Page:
Authority is something people will often fear, be intimidated by or dislike. It is fair to say that most people, college students in particular, hate authority, or anything resembling it.This authority can be anything from parents to police officers, and even community advisors (CAs). CAs automatically get a bad reputation before the school year even starts, and before the residents get to know them.
This reputation and assumption is based on a few reasons, all of which are unfair to the C.A. These reasons include misunderstanding the job, the responsibility, and the reward.
I have been a C.A since the fall of 2005. I’m writing this for the CAs to the residents who misunderstand us. We’re not all bad and with a little understanding that’s easy to see. I understand what it is like to be a freshman in college, to experience life for the first time without parents. All of a sudden there is no one telling you when to go to bed, or to make sure that your homework is done.
Freedom is something that is fascinating and frightening all at the same time. College is that crucial step between adolescence and complete independence. It is another step in the process of becoming an adult. While freedom and independence seem great at first experience, it is very important to remember that responsibility comes with both of them.
The position of a community advisor or more commonly known as a resident assistant (R.A.) is a position that is completely structured around other people. Here at Castleton there are four CAs to a residence, typically one or two per floor. Residents get to know these people throughout the year and hopefully build friendships. Others, however, tend to hold a grudge against any sort of authority, and this includes CAs. It is not uncommon to walk by a group of students and hear someone complaining about their C.A; they did something wrong . or they didn’t do anything at all.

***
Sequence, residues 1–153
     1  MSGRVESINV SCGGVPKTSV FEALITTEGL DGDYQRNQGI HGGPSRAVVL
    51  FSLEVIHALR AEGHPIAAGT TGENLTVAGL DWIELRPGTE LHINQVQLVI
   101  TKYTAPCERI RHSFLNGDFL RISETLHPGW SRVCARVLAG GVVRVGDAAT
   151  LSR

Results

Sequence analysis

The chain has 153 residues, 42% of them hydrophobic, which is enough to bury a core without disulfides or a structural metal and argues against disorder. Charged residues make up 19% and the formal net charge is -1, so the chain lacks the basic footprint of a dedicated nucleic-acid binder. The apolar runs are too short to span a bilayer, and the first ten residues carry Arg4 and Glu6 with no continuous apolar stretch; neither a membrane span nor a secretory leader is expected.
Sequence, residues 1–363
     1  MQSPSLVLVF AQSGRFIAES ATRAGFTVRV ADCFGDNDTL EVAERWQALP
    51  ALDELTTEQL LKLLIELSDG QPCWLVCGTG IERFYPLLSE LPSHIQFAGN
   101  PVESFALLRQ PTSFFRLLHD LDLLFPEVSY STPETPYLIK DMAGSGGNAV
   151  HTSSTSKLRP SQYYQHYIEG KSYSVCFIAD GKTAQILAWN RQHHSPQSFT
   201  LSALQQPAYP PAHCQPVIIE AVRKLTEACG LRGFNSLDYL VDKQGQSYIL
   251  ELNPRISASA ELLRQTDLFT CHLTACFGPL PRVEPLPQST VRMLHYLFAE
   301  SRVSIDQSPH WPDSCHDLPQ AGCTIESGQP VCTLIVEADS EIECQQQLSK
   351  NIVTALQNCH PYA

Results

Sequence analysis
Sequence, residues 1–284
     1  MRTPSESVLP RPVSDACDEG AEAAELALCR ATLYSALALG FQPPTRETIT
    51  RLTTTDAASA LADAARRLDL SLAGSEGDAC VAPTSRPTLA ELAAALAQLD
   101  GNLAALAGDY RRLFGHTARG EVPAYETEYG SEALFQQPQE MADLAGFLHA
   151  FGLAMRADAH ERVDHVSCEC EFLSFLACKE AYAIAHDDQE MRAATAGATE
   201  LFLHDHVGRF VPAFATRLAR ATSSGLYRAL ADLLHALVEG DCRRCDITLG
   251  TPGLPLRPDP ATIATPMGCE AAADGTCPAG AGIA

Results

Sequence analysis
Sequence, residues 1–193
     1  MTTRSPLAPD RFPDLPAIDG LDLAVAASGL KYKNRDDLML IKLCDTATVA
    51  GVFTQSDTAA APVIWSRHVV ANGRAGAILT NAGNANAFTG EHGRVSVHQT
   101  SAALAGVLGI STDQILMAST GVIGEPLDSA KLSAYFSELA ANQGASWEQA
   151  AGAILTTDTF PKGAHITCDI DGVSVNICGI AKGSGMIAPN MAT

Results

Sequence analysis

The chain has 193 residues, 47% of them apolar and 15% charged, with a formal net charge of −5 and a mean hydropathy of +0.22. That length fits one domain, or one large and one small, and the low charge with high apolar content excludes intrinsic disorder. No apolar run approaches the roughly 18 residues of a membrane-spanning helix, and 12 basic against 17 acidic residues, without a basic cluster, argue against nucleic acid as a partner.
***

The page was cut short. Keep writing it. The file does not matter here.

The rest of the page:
Residents and other members of the campus community misunderstand the CAs because they do not fully understand what exactly the job entails. Yes, they do have access to a master key and they can let you into your room when you lock yourself out. Yes, they do sometimes have to document incidents of underage or excessive drinking, using illegal drugs and smoking in the dorms. The goal of the community advisors and residence life in general is to build community. Community is defined as a safe, courteous environment that promotes intellectual, emotional, social and educational growth during some of the most significant years that a young person can experience.
It is true that to create this sort of community everyone can not do exactly what they want at any time of the day or night. It is also true that above anything else the, the CAs work to keep the residents safe 100% of the time while they are in the dorms.
People are too quick to assume that all the CAs do is let people into their rooms and get them in trouble, but they do much more than that. The CAs are actually here weeks before the school year begins, training for more than 12 hour days.
They are ready for anything, and know how to react in any incident, no matter the severity. They are trained to handle anything from a homesick resident to an alcohol or drug overdose or suicide. The CAs have more responsibility than residents will ever truly know, or appreciate — until they are the ones who need help.
Most college students have at least one job, usually more. At the end of the night they can go home and relax, not having to think about work. CAs live their jobs, they can’t “leave” work for the day and go home, because to them, home is where their job is.
This is often forgotten when residents complain about their C.A. The reality of the situation is that they live their jobs. How many people could do that and keep smiling all of the time?
Compassion and understanding is all that is needed for residents and CAs to live in harmony.